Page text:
Sexual pleasure can be a taboo subject in our society almost everywhere but in our entertainment, where it is arguably overdone. But even in our media, sex seems to be the sole privilege of young, white, single, and non-disabled people. That’s what makes John Green’s The Fault in Our Stars so remarkable.
Once hailed as a lifesaver and necessity for everyone thinking about having sex, condoms are now frequently maligned—young people are surrounded by messages suggesting they don’t work, they break, and they take all the fun out of sex.
The results of the 2013 Youth Risk Behavior Surveillance System, which were released on Friday, are somewhat discouraging. On almost every measure of safer sexual behavior, progress has either stagnated or, in cases like condom use, reversed.
A presentation that took place this past weekend in Las Vegas may represent the all-time worst use of fear to promote chastity. It told its audience in no uncertain terms that premarital sex will lead to prostitution, sex trafficking, drug abuse, and death.
Despite a mounting body of evidence to the contrary, there continues to be a fear among adults that vaccinating young people against an STD is akin to giving them a license to have sex. Yet another study promises this isn’t going to happen.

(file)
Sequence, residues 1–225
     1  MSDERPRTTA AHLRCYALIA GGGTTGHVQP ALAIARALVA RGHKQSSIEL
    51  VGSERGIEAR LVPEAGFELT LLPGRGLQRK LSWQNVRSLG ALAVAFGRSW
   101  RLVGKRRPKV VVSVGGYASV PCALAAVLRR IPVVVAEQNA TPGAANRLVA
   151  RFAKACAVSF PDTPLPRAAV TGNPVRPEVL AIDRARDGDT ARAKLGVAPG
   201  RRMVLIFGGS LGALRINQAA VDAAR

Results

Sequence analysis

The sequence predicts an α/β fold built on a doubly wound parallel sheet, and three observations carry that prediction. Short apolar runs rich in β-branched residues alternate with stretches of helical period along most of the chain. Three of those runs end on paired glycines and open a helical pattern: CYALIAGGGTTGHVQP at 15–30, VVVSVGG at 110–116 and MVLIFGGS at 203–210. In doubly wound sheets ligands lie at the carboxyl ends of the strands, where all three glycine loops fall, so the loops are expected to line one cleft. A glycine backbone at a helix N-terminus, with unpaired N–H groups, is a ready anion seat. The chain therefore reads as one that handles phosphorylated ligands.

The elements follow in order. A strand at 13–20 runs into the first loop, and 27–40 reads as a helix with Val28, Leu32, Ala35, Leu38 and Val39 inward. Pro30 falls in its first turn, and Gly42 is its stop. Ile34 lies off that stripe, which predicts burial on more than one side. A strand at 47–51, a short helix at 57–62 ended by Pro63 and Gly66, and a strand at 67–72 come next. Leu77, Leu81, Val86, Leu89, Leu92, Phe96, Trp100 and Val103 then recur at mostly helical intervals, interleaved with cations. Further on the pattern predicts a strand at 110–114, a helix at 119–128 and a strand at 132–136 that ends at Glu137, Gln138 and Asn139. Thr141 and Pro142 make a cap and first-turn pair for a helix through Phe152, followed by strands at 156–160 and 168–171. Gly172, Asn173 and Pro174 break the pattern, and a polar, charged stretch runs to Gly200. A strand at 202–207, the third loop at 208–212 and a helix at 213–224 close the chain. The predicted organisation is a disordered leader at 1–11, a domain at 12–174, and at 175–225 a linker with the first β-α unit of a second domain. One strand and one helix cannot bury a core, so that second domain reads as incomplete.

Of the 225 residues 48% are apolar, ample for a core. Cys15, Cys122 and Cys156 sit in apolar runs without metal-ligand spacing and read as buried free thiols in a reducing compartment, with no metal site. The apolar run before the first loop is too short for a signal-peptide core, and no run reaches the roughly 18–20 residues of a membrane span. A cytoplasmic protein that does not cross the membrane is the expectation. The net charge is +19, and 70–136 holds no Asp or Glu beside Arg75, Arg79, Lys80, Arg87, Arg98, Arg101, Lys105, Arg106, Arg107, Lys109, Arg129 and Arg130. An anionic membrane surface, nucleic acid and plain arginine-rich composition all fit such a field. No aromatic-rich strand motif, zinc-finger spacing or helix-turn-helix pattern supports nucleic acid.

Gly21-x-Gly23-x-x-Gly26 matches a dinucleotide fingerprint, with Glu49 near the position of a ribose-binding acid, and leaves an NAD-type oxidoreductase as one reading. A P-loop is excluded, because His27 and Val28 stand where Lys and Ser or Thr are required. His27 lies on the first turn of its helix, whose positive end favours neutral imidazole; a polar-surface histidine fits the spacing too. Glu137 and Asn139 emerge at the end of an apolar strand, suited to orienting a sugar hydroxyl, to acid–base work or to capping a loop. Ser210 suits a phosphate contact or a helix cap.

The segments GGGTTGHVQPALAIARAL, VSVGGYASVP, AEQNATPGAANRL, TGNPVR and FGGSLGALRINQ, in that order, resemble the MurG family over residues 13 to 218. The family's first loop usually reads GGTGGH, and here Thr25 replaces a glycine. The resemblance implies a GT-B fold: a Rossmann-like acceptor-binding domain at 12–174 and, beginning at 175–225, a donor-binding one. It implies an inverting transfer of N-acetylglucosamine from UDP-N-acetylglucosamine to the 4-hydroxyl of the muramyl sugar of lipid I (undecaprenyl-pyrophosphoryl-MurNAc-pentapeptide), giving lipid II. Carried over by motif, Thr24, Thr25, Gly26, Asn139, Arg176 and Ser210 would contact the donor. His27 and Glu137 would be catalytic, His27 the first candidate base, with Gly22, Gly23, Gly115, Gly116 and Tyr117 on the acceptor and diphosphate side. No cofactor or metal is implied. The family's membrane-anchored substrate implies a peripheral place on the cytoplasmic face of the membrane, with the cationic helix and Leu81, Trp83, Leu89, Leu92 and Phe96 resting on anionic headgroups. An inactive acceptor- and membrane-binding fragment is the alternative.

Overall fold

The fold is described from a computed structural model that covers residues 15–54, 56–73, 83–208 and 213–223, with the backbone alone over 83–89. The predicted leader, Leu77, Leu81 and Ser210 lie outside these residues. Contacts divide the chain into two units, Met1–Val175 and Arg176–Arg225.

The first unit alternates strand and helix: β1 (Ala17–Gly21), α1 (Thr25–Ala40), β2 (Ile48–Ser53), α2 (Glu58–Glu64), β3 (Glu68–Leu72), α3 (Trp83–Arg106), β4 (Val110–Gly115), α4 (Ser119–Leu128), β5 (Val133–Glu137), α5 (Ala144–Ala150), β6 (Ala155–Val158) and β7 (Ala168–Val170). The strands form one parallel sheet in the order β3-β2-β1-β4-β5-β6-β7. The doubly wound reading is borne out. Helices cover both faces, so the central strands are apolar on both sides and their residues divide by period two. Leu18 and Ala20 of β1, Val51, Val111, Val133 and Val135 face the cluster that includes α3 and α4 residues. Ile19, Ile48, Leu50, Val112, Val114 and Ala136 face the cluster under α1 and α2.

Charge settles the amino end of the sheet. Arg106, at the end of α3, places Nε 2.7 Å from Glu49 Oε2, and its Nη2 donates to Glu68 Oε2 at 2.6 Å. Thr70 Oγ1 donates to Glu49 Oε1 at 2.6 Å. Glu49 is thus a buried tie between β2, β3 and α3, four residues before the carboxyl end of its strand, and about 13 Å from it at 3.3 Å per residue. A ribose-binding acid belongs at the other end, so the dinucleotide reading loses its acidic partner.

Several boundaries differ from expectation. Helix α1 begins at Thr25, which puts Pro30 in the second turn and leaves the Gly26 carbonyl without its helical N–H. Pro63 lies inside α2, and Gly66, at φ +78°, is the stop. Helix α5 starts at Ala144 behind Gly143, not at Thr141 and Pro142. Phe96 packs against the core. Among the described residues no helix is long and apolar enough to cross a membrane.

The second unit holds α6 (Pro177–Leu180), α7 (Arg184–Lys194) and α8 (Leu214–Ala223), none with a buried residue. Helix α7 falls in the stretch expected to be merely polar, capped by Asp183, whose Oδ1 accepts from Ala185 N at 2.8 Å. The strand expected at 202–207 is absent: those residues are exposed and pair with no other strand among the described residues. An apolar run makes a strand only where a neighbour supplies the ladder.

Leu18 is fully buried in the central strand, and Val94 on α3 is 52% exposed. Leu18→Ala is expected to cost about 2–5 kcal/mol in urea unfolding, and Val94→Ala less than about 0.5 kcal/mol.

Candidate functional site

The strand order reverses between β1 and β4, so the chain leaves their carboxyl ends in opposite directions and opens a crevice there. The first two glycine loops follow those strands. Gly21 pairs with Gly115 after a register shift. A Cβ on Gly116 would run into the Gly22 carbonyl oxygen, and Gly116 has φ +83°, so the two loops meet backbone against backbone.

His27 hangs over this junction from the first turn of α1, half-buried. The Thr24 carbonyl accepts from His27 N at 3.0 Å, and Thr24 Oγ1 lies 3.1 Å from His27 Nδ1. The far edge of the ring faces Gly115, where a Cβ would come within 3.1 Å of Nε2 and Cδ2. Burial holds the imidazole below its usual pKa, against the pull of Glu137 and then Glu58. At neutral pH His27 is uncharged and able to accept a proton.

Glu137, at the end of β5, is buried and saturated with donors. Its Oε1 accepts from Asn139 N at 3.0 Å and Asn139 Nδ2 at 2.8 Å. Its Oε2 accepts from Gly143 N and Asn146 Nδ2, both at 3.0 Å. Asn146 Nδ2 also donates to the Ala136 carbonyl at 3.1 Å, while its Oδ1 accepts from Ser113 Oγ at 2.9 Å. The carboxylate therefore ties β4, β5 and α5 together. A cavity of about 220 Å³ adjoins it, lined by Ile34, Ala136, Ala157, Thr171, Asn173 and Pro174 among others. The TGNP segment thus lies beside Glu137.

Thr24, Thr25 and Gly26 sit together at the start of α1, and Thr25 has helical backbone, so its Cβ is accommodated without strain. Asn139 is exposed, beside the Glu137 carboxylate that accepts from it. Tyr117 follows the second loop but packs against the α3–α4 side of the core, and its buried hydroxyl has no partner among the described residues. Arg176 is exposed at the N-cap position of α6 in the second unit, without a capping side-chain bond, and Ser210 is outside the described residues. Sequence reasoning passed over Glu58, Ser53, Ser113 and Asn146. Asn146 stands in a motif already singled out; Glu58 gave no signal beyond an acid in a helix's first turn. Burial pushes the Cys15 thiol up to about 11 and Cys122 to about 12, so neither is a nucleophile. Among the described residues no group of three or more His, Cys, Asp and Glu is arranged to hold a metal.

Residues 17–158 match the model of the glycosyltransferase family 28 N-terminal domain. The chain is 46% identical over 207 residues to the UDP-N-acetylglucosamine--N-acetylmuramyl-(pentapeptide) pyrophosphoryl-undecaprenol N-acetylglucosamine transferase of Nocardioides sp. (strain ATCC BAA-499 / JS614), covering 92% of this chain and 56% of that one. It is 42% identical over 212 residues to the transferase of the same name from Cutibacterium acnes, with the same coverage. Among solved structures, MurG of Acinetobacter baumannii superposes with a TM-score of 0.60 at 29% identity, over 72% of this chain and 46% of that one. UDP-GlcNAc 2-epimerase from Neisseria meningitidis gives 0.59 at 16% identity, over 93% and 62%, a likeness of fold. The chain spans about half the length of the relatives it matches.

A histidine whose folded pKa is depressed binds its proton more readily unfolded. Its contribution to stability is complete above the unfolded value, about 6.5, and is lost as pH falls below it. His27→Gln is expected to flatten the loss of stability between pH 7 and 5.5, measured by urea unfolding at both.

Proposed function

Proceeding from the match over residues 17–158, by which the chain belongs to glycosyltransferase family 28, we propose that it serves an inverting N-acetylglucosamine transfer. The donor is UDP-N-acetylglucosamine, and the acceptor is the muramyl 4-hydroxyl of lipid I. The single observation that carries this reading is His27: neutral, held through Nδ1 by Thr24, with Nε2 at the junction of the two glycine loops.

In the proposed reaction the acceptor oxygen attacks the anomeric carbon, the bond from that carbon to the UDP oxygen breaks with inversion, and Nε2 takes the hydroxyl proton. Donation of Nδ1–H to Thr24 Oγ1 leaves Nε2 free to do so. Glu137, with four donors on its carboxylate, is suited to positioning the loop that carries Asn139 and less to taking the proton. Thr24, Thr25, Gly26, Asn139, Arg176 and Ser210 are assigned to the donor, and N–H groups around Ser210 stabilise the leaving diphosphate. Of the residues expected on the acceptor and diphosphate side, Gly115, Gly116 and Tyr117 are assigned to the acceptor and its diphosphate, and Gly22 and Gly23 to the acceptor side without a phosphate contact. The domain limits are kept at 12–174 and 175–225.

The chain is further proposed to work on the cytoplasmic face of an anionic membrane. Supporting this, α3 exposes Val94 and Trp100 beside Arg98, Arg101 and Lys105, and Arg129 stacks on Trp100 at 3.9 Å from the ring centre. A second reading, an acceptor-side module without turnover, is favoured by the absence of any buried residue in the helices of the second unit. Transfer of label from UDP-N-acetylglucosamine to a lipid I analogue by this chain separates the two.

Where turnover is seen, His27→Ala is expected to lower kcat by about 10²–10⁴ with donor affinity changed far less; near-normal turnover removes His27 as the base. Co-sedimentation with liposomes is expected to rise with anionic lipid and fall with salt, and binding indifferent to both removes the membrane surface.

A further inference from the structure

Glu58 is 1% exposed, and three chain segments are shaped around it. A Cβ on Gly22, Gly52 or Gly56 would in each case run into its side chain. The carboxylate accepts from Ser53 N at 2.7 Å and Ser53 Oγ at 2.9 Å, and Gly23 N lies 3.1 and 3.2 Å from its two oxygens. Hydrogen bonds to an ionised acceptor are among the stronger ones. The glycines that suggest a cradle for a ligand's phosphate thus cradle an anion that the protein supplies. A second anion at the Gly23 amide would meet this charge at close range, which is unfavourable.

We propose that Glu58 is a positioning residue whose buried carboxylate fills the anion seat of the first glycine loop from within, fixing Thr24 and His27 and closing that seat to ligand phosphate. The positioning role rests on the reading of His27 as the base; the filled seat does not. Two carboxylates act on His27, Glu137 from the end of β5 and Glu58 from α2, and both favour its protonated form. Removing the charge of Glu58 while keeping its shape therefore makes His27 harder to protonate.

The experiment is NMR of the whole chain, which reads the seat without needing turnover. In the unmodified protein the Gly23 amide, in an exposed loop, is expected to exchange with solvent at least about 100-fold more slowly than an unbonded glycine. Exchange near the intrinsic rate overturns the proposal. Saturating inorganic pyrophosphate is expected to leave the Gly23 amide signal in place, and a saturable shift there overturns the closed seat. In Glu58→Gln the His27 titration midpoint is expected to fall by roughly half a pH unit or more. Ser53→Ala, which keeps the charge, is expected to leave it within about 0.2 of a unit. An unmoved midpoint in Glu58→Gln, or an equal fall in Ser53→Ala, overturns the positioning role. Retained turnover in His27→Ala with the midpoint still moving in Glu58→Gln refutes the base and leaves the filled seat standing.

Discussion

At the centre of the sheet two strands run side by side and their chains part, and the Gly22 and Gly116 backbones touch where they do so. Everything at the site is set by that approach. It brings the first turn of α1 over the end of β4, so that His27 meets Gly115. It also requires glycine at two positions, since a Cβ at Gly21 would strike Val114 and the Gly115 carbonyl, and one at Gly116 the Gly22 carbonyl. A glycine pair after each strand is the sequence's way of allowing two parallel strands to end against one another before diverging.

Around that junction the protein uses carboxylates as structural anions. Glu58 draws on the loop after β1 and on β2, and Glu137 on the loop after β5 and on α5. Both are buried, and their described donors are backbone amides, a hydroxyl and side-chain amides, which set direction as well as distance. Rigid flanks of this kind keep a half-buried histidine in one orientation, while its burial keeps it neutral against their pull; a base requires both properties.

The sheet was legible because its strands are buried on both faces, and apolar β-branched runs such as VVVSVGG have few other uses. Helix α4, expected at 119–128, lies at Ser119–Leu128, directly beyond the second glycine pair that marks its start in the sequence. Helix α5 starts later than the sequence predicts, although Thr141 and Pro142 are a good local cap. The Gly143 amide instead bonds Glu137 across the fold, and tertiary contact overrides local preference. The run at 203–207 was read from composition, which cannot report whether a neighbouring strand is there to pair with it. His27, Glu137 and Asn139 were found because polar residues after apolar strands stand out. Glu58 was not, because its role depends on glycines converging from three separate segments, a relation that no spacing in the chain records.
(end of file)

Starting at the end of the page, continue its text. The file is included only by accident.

Public health experts say there is a legitimate purpose to statutory rape and incest laws. However, in the context of abortion, these laws are effectively criminalizing normal teen sex and risk compromising patient-confidentiality agreements, as well as potentially deterring patients from seeking sexual health treatment.
A new study finds that almost one in ten teens and young adults admit to forcing someone into some form of sexual activity. Even more surprising: 50 percent of perpetrators blame the victim for the incident.
A case in Wisconsin further illustrates the recent trend of states policing pregnant women in the name of fetal rights, and it would appear the U.S. Catholic bishops had a role in the federal government shutdown.
The Utah Supreme Court heard arguments last Tuesday in an appeals case involving a 13-year-old girl who had “consensual sex” with her then-12-year-old boyfriend and ended up an accused sex offender.
A new study in Pediatrics found sexting teens are more likely to be sexually active than their non-sexting peers. Before we lock up our teens or their smartphones, it’s important to note that this study found a correlation. It did not find that sexting leads to sex.